Why Global Warming Activists HATE The Idea Of A Geo-Engineering Solution

This post will explain why Steven Levitt and Stephen Dubner have been taking a brutal beating in the press for a chapter in their new book, Superfreakonomics, in which they discuss global warming, and possible engineering solutions to it. By engineering, we mean, the use of technology (like chemicals emitted into the air, or big carbom sinks) that could actually reduce the presence of greenhouse gasses in the atmosphere.

But to understand it, first you have to realise why global warming is the perfect global malady from the perspective of the left.

You see, global warming is a special problem, and it sits right at the sweet spot of all kinds of politically charged issues. By going after global warming, you’re also going after

  • The oil industry
  • Cars
  • Western nations
  • Rural areas
  • industrialisation
  • The meat industry
  • Huge suburban homes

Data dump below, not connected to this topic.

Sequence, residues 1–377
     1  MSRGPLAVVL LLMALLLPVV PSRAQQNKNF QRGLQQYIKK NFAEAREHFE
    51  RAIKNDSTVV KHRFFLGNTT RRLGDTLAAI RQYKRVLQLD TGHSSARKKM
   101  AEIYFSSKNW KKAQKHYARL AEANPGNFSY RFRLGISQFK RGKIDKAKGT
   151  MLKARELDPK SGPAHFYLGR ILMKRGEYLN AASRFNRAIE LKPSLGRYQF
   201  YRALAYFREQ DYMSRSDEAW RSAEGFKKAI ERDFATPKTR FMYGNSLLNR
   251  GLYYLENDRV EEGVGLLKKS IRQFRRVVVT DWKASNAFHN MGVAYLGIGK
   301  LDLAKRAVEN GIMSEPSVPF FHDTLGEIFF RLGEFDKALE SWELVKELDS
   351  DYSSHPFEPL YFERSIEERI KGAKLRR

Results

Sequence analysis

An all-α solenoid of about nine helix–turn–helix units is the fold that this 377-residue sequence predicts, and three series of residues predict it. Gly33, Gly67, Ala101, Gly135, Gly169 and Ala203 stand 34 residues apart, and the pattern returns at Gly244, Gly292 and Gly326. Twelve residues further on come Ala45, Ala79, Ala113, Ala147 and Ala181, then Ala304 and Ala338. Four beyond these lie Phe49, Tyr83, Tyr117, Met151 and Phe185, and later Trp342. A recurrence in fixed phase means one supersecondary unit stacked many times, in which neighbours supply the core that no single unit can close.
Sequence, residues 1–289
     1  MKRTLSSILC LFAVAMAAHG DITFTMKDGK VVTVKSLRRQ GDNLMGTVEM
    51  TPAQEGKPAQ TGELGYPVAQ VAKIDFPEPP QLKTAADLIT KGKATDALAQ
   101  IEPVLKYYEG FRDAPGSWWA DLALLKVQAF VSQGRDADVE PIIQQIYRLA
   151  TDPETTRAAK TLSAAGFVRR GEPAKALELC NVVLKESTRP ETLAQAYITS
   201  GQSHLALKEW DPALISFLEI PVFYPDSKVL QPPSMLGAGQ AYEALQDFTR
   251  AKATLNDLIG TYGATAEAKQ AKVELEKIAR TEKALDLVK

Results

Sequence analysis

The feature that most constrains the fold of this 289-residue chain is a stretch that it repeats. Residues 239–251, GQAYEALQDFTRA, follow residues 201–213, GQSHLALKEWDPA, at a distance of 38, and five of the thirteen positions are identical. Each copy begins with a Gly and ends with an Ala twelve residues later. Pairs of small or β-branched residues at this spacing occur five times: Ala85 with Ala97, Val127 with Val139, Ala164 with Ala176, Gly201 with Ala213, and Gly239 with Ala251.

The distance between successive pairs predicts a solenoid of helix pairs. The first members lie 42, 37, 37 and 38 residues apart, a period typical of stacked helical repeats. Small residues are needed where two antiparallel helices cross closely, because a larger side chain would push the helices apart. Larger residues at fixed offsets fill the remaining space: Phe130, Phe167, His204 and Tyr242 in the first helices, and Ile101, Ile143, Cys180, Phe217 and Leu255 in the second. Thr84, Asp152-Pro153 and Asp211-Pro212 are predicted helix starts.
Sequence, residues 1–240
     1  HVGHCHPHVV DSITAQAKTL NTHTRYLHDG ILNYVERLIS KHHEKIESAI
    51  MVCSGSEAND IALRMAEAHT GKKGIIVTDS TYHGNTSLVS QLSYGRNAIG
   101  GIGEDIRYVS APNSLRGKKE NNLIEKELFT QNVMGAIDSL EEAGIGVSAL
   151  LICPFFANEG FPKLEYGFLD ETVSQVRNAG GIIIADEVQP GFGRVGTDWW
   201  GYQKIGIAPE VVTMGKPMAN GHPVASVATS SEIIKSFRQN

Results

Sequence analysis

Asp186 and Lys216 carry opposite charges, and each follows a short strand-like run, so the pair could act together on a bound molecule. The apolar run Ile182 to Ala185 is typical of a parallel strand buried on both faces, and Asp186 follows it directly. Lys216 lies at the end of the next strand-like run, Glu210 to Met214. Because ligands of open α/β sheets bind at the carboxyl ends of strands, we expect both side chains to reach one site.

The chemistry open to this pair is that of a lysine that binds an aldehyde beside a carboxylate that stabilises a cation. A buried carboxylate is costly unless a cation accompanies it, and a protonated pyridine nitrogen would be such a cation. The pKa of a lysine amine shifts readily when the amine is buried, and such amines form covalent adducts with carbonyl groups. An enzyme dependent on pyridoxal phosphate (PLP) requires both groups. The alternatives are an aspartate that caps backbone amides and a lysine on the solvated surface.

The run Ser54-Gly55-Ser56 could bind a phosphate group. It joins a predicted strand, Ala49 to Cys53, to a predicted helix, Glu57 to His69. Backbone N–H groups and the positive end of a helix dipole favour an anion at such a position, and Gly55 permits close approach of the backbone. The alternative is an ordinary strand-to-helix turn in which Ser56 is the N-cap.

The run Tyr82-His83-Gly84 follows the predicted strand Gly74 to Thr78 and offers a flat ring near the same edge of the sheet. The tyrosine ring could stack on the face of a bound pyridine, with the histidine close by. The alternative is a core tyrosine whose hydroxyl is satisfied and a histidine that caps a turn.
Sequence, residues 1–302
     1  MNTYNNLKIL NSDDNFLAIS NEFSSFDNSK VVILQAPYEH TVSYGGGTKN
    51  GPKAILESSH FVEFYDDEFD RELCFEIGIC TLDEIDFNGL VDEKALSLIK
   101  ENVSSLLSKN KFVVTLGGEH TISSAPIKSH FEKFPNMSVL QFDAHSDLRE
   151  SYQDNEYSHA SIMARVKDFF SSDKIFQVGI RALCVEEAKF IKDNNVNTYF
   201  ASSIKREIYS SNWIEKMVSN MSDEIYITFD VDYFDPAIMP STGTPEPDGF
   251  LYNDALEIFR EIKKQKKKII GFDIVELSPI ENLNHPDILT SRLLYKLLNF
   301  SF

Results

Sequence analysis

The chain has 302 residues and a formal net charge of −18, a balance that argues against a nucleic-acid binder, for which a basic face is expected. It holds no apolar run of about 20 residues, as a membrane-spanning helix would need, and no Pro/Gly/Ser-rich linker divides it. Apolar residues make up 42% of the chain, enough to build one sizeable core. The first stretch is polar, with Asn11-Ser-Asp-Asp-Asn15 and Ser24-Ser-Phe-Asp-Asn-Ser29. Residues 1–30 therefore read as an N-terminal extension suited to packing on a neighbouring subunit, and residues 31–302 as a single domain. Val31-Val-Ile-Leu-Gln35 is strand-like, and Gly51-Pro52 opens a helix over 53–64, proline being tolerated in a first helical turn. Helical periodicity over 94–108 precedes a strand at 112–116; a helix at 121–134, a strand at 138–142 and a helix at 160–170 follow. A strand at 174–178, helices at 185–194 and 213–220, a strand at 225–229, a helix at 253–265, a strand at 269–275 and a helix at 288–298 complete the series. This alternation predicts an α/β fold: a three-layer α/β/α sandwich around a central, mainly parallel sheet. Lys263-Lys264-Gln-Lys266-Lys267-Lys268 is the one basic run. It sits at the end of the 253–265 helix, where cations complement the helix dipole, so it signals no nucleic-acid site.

All those things happen to be politically charged, as it is, and the left has long had them (to varying degress) in their sights.

Now there’s something else, too.  Global warming, it seems, MUST, involve a government solution — and preferrably an international solution. No single country can solve the issue by itself, and no private party has any incentive to reduce emissions significantly (except, inasmuch as doing so helps their image, though this is marginal). The solution must be public sector, it would seem, so again, for those with an orthodox liberal worldview, this is a good thing.

And from that, you should understand why it’s so enraging to people that some might suggest a technological solution is possible. If we can suck out carbon from the atmosphere, then the oil industry, cars, and huge homes in the middle of nowhere aren’t such a problem. And if there’s a technological solution, then there’s no need for expanded government regulation, or multi-national UN charters, and all that good stuff.

So there’s a HUGE incentive to marginalize anyone trying to make this part of the debate — hence the outrage from folks like Krugman and Brad Delong and Joseph Romm. If engineering could solve the problem, the politics become a lot less interesting.

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